Mighty Leaf News
New ingredients come in every year in the tea world. If you consider the herbal tea world, there are half a dozen bases for all herbal teas. These include chamomile, mint, hibiscus, and rosehips, which form the flavor foundation for many herbal teas. They're all many centuries old and used widely. But rooibos has only been a worldwide tea ingredient for 25 years.
China, Japan, Great Britain, and other cultures offer a tea ceremony that is uniquely theirs. In the United States, we are a nation of immigrants and an American tea culture reflects this. As the American traditional approach to food has revolved around producing and consuming large quantities, there is a shift at play, demanding higher quality. With tea, we had a strong cultural bias early on because so many British came and settled here. Paul Revere was a silversmith and made teapots. The New England area was a little England. American colonists emulated the British style of tea-making to a degree up until the American war of Independence. Then, tea went from being the beloved drink of the country to a symbol of oppression. We became a coffee-drinking nation at that point, encouraged by the British-rival French who had already begun coffee cultivation in Martinique. In the 21st century, we are now becoming more well-versed in tea. The cultures of tea around the world are becoming more known and popular here too.
Britain's relationship with tea has everything to do with the British empire. The demand for tea made the empire happen. Without the demand for tea, I don't think it would have gotten as big as it did.* Morning is one part of the ritual as the traditional cuppa breakfast tea is drunk first thing, usually prepared with black loose tea. The ritual of tea continues into the afternoon tea. High tea derived its name from tea set on high tables for maids, cooks, and butlers of the big houses where they had a cup of tea and snacks at around 4 p.m., standing around a high table because there was no time to sit down. Low tea was the name for the tea service presented upstairs to the estate owners at low tables, and among finery.
If you go to China and partake in a traditional Chinese tea ritual, you will find the Chinese tea ceremony celebrates the tea itself and puts a lot of emphasis on the style and skill of the person brewing it. The ceremony is social and can be very formal or informal. One person takes charge of the brewing and commands the tea. The practice uses a gongfu style of multiple infusions that is done using a wooden tray with a small teapot and cups. The vessel that actually steeps the tea can either be a typical teapot with handle and spout, or it can be a special lidded cup called a gaiwan. The gaiwan cups consist of three parts: the saucer, small cups without handles, and lid. The lid keeps the tea warm inside the cup and acts as a strainer when sipping. With a teapot, hot water gets poured over the pot and is also used to refresh the leaves. The teapot might be a yixing terracotta teapot that is dedicated to brewing just one type of tea, or one simply made of porcelain or glass.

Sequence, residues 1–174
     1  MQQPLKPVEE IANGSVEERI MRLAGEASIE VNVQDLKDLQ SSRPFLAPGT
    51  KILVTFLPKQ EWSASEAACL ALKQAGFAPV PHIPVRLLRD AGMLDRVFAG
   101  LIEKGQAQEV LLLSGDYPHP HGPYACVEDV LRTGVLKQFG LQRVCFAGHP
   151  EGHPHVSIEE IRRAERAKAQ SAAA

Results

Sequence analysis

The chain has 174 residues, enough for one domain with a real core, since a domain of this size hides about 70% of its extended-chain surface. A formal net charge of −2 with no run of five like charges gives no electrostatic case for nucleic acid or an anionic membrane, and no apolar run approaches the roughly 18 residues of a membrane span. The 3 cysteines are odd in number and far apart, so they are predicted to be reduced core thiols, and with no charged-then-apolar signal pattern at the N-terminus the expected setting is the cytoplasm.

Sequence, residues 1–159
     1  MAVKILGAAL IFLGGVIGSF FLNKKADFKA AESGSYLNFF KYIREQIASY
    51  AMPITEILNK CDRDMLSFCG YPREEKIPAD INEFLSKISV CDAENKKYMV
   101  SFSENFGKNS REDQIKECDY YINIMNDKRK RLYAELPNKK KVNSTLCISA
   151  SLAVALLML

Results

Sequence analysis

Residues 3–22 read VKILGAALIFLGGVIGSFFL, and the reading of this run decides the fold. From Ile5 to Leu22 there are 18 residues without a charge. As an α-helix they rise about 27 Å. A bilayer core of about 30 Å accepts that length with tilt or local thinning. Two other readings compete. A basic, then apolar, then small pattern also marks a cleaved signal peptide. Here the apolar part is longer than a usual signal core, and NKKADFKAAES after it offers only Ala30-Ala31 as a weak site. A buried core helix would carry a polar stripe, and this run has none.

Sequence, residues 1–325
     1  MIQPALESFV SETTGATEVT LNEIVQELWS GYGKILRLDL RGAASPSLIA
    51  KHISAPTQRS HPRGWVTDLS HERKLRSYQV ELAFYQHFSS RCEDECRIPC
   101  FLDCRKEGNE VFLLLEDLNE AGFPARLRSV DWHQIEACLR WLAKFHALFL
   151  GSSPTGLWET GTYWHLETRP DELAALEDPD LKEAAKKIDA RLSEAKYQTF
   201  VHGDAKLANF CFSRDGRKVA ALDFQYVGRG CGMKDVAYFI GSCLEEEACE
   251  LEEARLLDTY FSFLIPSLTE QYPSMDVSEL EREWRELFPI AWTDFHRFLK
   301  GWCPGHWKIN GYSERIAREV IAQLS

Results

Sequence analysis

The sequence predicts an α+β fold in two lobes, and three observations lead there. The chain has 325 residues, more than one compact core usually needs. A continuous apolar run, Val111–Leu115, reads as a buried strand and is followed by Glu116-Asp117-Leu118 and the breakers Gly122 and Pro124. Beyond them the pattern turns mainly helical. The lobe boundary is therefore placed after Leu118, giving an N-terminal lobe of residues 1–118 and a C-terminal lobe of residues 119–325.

The holidays are a great time to play around with teas while you bake. Inviting friends to gather and bring a few batches of cookies to share over a pot of tea is a great way to celebrate. And, if you think about it, tea has become quite popular in baking. Part of that has to do with social media. Platforms like Pinterest help streamline baking with tea into a mass cultural frame of mind. Anytime I see tea cookies on a menu, I'm intrigued and tend to try them. I've eaten a lot of tea cookies and the one thing I'm left with is the notion that there is not enough tea flavor in the cookies — this is true with chai and matcha. Perhaps that's a lack of understanding how to make the tea flavor strong in baking without taking it too far? Here are a few ways I like to bake cookies with tea.
When the average American thinks of chai, I would venture to say what they envision is what you can purchase at coffee shops or cafes and is expected to be a pretty milky, sweet, and spicy black tea concoction made at the espresso machine with steaming milk.
My family is not terribly traditional or ceremonial when it comes to the holidays. While we indulge in spiked eggnog at Christmas, tea always makes an appearance at each holiday. Here are several ideas to create your own tea tradition.
As we enter the holiday season, we enter a time of gathering together. With holiday parties, come holiday menu planning and tea can factor into the festivities.
Scour a store for tea and you will probably find that the prices for the teas offered can vary wildly. The best comparison for this kind of variance can be found in the world of wine, where a bottle of two buck Chuck can be procured as well as bottles that run in the range of several thousand dollars. Caviar is expensive. Fish sticks are cheap. Let's explore expensive whole leaf tea to consider the cost.
During my time as a barista, I made countless lattes. Traditionally a latte starts with a perfectly pulled shot of espresso and 8 ounces of freshly steamed milk poured on top, leaving ¼ inch room for foam with the consistency of melted ice cream to top it off. Tea lattes were a bit of a red-headed stepchild back then and I'm excited to see they are now being given the attention they deserve.